The settlement prohibits van Kempen from trading commodities for two years, Randal Meijer, who was then Optiver’s head of trading, for four years and Christopher Dowson, Optiver’s head trader, for eight years. Dowson is the only defendant that Optiver still employs, according to the CFTC.

The investigation has been ongoing for more than three years. The CFTC claimed in response to questions from the media that the announcement of the settlement was timed to coincide with a speech by President Obama in which he called for investigations into oil speculation and more funding for investigators and staff. I am inclined to believe the administration in this regard. Investigations of this sort, once initiated, tend to take on a life of their own, and settlements are generally reached when both sides have sufficiently vetted each other and are satisfied that the agreement fairly represents either’s chances of success or failure on the merits.

Optiver may not be a household name, but it is well known in Chicago and Amsterdam.

According to the CFTC, Optiver reaped a $1 million profit in 2007 by “banging the close” in crude, gasoline and heating oil markets with a rapid-fire trading program nicknamed “the hammer.”

Optiver is a household name in Chicago’s and Amsterdam’s electronic trading communities, where it is known for high-speed market making and arbitrage strategies in options and other derivatives using super-fast computer algorithms.

Evidence in the CFTC case includes emails and phone recordings showing efforts by traders at Optiver’s Chicago branch to “move,” “whack” and “bully” oil prices in 2007.

High-frequency trading has come under scrutiny in commodity markets in 2011 following a series of violent and seemingly inexplicable price moves that many traders have blamed on its growth.

While I am far from satisfied that the CFTC and the Department of Justice–which has apparently been on sebatical since 2008–has done enough to protect world consumers from predatory commodities trading practices, this settlement and accompanying trading ban is certainly a step in the right direction. It didn’t include any of the usual cast of unscrupulous equity sucking characters as Goldman Sachs or Morgan Stanley, but perhaps further investigations are underway. I wouldn’t hold out hope in that regard, but perhaps this settlement will encourage the big boys to tread lightly.

As far as Optiver is concerned, I believe a recent company job announcement says it all:

For our Trading department we are looking for final-year students or recent graduates from a an analytically related field of study such as Finance, Economics, Econometrics, Financial Engineering, Engineering, Mathematics, Computer Science or Physics. A flair for numbers, a passion for finance and the markets, and a hugely competitive streak are also a must.  (emphasis added).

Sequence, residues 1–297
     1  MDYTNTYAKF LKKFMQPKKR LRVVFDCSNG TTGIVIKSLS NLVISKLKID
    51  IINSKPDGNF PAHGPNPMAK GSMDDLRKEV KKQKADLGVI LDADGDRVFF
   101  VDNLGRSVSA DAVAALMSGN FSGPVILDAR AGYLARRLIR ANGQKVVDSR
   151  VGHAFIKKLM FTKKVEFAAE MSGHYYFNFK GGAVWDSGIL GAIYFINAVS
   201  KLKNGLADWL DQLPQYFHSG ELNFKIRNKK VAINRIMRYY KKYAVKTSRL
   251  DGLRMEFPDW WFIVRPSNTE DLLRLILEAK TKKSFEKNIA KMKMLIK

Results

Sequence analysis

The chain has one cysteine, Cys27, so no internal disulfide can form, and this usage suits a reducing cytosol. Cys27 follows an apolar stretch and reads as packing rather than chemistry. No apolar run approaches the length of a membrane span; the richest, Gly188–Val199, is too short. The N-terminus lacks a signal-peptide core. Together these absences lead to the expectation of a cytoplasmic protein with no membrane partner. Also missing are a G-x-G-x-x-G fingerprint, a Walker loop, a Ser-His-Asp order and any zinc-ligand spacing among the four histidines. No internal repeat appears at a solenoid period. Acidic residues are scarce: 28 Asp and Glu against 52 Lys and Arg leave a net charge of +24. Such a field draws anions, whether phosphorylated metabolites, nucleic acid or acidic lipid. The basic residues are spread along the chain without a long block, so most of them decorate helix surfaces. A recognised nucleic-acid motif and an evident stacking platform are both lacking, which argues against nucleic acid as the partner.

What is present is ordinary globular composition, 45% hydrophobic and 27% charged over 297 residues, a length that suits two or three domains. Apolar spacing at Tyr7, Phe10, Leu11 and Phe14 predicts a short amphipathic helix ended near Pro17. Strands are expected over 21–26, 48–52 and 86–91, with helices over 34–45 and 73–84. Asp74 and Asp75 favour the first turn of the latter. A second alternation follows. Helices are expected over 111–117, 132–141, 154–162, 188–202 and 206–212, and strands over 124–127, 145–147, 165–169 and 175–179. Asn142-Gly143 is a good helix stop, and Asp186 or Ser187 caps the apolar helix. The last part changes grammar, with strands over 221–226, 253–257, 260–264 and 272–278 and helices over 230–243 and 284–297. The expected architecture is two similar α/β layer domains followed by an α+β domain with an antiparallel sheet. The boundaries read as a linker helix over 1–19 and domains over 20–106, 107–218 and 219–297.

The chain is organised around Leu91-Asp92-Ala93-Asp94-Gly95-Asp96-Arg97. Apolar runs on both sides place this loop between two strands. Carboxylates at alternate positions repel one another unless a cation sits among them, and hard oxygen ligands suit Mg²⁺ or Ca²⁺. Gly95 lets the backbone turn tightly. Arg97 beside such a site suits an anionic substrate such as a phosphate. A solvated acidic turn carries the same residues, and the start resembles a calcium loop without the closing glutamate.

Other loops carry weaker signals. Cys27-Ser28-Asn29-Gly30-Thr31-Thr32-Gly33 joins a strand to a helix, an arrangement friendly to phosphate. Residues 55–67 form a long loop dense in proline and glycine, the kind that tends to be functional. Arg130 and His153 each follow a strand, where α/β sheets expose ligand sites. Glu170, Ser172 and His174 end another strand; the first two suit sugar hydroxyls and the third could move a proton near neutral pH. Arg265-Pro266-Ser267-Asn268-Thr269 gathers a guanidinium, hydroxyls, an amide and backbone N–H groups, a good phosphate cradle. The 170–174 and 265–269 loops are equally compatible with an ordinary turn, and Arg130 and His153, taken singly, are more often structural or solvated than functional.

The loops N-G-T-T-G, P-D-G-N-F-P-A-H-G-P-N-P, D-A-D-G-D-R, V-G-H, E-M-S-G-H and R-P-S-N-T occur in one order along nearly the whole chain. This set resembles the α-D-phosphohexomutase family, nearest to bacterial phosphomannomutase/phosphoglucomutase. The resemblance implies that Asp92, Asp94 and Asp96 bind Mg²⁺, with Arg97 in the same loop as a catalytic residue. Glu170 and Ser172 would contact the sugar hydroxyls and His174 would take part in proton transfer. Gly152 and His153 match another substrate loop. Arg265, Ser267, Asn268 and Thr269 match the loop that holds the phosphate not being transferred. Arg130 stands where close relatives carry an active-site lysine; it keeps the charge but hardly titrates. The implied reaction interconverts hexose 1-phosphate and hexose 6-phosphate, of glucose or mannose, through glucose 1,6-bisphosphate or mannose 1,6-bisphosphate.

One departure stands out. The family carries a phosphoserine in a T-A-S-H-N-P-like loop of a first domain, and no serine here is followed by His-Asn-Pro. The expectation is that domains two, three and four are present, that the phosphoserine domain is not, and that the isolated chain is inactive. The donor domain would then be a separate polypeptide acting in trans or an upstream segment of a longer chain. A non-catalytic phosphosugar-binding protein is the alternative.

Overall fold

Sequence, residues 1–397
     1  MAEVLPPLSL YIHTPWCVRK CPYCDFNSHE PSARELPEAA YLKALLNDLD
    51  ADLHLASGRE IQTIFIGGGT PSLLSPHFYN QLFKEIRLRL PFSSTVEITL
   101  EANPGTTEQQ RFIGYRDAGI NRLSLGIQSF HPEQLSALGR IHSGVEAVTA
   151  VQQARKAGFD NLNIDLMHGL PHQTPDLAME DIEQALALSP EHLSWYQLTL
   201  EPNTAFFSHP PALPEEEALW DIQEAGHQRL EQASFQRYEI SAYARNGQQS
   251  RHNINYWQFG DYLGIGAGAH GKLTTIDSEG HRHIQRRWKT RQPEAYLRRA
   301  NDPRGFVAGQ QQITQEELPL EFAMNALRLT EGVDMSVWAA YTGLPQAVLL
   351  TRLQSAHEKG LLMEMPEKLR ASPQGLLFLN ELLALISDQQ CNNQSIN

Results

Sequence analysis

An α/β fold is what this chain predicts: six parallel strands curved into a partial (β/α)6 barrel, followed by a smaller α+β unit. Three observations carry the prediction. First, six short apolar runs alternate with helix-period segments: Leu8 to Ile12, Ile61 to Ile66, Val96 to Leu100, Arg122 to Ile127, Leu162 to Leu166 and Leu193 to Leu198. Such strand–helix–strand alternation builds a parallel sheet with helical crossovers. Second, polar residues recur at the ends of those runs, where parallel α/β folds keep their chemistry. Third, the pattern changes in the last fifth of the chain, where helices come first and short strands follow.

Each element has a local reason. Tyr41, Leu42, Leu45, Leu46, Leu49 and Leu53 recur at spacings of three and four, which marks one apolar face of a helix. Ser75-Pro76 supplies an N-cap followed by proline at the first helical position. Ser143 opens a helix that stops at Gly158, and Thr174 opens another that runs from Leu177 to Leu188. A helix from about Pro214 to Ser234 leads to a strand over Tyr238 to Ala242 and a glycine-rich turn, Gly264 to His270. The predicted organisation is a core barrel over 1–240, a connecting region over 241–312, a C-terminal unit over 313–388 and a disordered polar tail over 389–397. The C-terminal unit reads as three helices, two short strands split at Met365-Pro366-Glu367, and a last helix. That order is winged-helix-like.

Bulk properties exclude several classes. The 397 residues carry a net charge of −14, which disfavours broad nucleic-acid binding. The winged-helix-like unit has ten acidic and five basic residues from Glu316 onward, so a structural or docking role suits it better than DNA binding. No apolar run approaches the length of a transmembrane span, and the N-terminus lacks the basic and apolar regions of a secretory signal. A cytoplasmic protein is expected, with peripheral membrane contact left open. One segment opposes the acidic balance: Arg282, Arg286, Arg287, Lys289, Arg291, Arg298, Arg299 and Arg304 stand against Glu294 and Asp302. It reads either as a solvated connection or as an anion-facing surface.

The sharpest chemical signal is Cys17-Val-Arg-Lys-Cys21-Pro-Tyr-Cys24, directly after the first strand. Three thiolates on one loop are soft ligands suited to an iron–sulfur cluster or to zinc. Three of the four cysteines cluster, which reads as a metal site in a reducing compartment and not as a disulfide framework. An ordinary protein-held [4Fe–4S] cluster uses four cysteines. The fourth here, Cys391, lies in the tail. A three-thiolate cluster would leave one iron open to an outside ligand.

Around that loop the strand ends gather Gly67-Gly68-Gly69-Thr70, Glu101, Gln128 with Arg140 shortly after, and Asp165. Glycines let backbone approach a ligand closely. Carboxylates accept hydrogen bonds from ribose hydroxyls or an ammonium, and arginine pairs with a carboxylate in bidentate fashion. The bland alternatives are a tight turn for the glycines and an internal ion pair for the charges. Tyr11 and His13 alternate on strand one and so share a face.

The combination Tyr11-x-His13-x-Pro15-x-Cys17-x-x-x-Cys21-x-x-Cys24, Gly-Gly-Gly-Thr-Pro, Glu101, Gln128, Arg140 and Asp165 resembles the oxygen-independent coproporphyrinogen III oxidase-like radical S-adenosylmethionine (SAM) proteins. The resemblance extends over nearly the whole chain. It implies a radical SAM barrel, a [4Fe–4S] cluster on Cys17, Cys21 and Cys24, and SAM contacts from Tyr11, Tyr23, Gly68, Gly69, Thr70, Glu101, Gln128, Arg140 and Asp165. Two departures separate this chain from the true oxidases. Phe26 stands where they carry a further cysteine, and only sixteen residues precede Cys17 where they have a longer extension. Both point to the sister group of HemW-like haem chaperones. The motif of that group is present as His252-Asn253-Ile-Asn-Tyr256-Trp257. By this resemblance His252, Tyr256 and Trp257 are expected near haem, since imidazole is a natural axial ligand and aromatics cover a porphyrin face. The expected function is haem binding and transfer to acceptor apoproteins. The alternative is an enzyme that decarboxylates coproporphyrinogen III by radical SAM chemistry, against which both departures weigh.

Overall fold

“A flair for numbers.” Well, that’s rich, but refreshingly honest.

Apr 18

Obama attempts to Overcome Institutional Insolence on Oil Prices?

Yesterday President Obama stood at the White House with Commodity Futures Trading Commission (CFTC) Chairman Gary Gensler, Treasury Secretary Timothy Geithner, Attorney General Eric Holder, Federal Trade Commission (FTC) Chairman Jon Leibowitz, and proclaimed that he will be putting “more cops on the beat” to investigate Wall Street oil price speculation and potential wrongdoing. I have written on this subject before here, here, and here. While I have little confidence that anything will come of this third call by the President for the Department of Justice, the FBI, and the CFTC to investigate oil futures speculation and other speculation in the commodity derivatives markets, he is at least taking his act public this time.

“We can’t afford a situation where speculators artificially manipulate markets by buying up oil, creating the perception of a shortage, and driving prices higher, only to flip the oil for a quick profit,”

Many argue that the President can not do much at all to influence oil prices. Many simply buy the Wall Street rhetoric hook, line and sinker, and even go so far as to turn sheer conjecture into fancy charts in order to confuse the public. I disagree. First, there is no greater motivator than personal freedom, and under current law Eric Holder can punish those found to have run afoul of the law by sending them to federal prison. Moreover, while the fines currently permitted are small change, the embarrassment that would accompany fines has consequences. I do not have any explanation for the extraordinary impotence and insolence at the Department of Justice under Eric Holder. The entire soap opera could just as easily be an elaborate act wherein the President calls for investigations of this thing or the other thing, and subsequently sends Eric Holder privately on his way with instructions to do nothing.